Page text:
How APT Can Boost Your Kimberley Adventure

28 Nov 2016

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The Kimberley isn't known as Australia's last frontier for nothing. The landscape tempts you with its otherworldly beauty, but there are many safety considerations when planning to get up close and personal. A guided excursion is highly advisable, and rather than feeling like a neccessity, a quality tour can be a bonus; a gateway that will help you delve deeper into Australia's most enigmatic landscape. Here are just a few ways that APT can enhance your Kimberley wilderness adventure.  

The Wilderness Lodges

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APT Kimberley Wilderness Lodge
Photo: APT Kimberley Wilderness Adventures

It is touching when your bus pulls into an APT wilderness lodge of an evening to find the staff lined up with refresher towels and welcoming smiles. Your bags are loaded into a kind of flat shopping trolley and you are taken to a half tent, half cabin lodge that has permanent bathroom facilities and screens in the tent section that afford safety and comfort as well as spectacular desert vistas from your bed on waking up. The fare in the lodge restaurants is surprisingly fine, given their relative isolation. 

The Water

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APT Kimberley waterhole
Photo: APT Kimberley Wilderness Adventures

APT driver guides will take you to some of the finest swimming holes in the Kimberley. Sometimes this necessitates a hike, even a scramble over some rocks. But the joy of the deep, cool water in the morning, shared with your companions, followed by a pack lunch on the banks or surrounding rocks, can be deliriously pleasurable. For an arid location, full of red rust soil and spectacular desert landscapes, the Kimberley has an astonishing amount of water. From secluded swimming holes to the spectacular volumes of water cascading down the famous Mitchell Falls, and on to the white beaches and turquoise waters of the Kimberley coast, this is no place to come without a swimsuit and towel. As well, included river cruises afford access to spectacular waterways and abundant wildlife including exotic birds, bats, dingoes and the occasional swimming goanna, not to mention the startling presence of saltwater and freshwater crocodiles peering up from the river or glaring steadily at you from the banks.  

The Towns

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Town of Broome, the gateway to the Kimberley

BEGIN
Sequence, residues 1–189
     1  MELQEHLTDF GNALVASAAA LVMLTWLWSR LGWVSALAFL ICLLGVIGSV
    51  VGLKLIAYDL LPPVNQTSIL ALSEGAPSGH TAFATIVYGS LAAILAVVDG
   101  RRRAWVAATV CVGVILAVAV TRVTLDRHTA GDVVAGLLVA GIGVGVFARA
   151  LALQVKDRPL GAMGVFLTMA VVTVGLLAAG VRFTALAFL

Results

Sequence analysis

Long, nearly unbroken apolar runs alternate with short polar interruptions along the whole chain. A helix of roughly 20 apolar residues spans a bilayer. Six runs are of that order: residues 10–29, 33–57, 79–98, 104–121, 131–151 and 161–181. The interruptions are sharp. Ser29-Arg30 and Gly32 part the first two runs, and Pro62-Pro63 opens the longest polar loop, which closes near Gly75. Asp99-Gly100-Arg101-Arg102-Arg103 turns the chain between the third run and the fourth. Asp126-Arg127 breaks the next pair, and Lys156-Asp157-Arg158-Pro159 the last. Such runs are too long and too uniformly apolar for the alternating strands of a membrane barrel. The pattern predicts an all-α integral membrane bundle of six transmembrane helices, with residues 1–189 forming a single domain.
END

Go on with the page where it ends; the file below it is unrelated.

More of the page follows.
Photo: Getty Images

From Broome on the West Australian coast - gateway to the Kimberley and a former wild town of pearl fishers and drovers - to Kununurra, just 37 kilometres from the border of the Northern Territory, the Kimberley towns are a revelation to city dwelling Australians and foreign visitors alike. The galleries of indigenous art in Kununurra are spectacular and it is heartening to see the integration of indigenous and white Australians in the business and cultural life of the town.


More inspiration from The Kimberley

The Kimberley Rocks of Ages

6 Things to do in the Kimberley (Besides a Cruise)


The Vehicles

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APT Kimberley Vehicles
Photo: APT Kimberley Wilderness Adventures

The buses that hurtle through the Kimberley in APT livery are a welcome sight at the end of a long hike, or as they wait outside the hotel accommodation that makes up around half of most tours. You’ll see far more modest vehicles run by less scrupulous operators at the well travelled rest stops, with crowded, hot looking passengers peering out enviously through layers of caked dust on the windows. Dust, like dry heat and bumpy roads, is an inevitable fact of life in the Kimberley but APT manages to stay one step ahead. The vehicles are cleaned regularly, inside and out, and they are comfortably air conditioned.

The Guides

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APT Kimberley Wilderness guide
Photo: APT Kimberley Wilderness Adventures

APT drivers are not just travel guides reciting a script as they beat around the bush, but people who live and breathe the Kimberley. Skilful as pilots they will let you know if there are bumps ahead in time to brace yourself. Depending on the time of year, there may or may not be a lot of traffic, but you can rest assured your driver will make the best of the conditions. If there are sublime photo opportunities at certain times of the day or evening, you’ll hear about them and get a chance to take the photos of a lifetime. You might even be surprised with a glass of champagne in one of the most beautiful places on Earth. It’s as much about knowing the area as driving well through it. The drivers know the stories of the local people, the history of the area, the sometimes shameful stories of white settlement. They know how nature works our here in all its ferocity and they can show you bush tucker such as the vitamin C rich powder that coats seeds of the mighty boab trees and how to identify edible green ants -- knowledge that one day may save your life. 

Ian Cuthbertson

Ian Cuthbertson has been a freelance journalist since 1980 when his first pieces were published in the Sydney Morning Herald and RAM (Rock Australia Magazine). Ian spent 11 years working full time at The Australian and is the co-author (with Greg Callaghan) of Men Inside Out (2003) and Doujon's Heart (2015).